roundings. For a full view in camera images, seven
cameras are mounted on the sensor rig, one camera
with a 60 degrees aperture to the front, four cameras
with 100 degrees aperture on the corners, and addi-
tionally two front cameras with 100 degrees aperture,
which provide stereo images.
The sensor evaluation is performed with neural
networks at the PU. In an early fusion, LIDAR points
are projected onto the 2D camera images, which
are processed with Convolutional Neural Networks
(CNN). Due to the projection, the 3D coordinates of
the object detections from the camera images can be
determined. Figure 3 shows the results from the im-
age processing. The network detects various traffic
objects, such as cars, scooters, and traffic signs. For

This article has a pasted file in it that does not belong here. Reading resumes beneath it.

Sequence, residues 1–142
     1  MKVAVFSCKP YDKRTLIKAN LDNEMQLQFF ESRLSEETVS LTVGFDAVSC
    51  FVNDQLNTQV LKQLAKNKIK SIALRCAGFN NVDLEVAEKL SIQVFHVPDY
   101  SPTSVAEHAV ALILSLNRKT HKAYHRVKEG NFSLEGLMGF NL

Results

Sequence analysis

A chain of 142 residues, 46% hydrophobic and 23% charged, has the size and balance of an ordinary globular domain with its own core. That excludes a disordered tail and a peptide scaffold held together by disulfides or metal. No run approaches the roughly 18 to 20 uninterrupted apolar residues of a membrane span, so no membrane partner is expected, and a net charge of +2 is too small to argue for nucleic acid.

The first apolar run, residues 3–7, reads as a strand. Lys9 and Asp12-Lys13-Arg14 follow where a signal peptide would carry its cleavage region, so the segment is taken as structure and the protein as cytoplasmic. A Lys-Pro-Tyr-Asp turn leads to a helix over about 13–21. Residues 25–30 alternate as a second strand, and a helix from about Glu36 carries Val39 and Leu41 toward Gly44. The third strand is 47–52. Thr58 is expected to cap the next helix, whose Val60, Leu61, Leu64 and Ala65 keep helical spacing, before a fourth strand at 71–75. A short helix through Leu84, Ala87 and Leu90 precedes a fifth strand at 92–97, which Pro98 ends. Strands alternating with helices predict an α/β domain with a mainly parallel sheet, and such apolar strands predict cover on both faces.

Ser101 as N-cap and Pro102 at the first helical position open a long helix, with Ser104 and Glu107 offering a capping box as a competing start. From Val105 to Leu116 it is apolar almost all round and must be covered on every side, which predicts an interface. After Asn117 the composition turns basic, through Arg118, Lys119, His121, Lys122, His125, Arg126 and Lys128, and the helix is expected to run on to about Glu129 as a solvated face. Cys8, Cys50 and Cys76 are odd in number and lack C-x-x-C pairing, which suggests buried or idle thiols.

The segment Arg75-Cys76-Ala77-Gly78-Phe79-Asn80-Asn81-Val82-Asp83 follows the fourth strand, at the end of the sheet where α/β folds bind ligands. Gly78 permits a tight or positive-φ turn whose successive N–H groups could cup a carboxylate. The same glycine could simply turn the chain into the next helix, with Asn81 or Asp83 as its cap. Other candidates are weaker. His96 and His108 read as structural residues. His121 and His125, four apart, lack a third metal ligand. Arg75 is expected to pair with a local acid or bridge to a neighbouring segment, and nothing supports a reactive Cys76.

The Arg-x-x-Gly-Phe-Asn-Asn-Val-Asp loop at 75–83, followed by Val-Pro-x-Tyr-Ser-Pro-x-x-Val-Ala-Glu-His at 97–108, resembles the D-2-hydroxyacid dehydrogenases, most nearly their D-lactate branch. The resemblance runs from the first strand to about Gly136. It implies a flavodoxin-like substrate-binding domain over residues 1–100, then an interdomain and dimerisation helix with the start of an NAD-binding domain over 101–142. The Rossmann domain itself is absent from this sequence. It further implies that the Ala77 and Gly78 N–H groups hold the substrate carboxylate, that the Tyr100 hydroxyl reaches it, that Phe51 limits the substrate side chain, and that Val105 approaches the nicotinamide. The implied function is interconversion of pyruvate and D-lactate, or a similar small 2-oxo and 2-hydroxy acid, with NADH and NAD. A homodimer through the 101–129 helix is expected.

lane detection, a novel early fusion approach is imple-
mented (Wulff et al., 2018).
For LIDAR perception, the points are grouped in
bins and various features are calculated for each bin
with neural networks, such as Pointpillars (Lang et al.,
2019) and SECOND (Yan et al., 2018). These net-
works can process data more efficiently compared to
raw point clouds. This efficiency stems from the uti-
lization of an internal representations in the form of
bins, enabling faster processing while still yielding
valuable outcomes.
The perception results are shown in Figure 4. The
top left, bottom left, and bottom center show the 2D
bounding boxes in camera images. The top center
shows an internal representation of the LIDAR pro-
cessing, in which each LIDAR point is assigned to a
specific bin. The 3D bounding boxes are shown in the
top right. The hardware setup can be seen in Figure 5
with the PU rack in the center and devices for sensor
connection and vehicular communication.
The objects derived from camera and LIDAR are
collected in an environment model. It takes care of
Figure 2: Overview of the sensor rig.
tracking objects, i.e., assigning a unique identifier
over consecutive time frames. Thereby, the environ-
ment model fuses the object detections from the dif-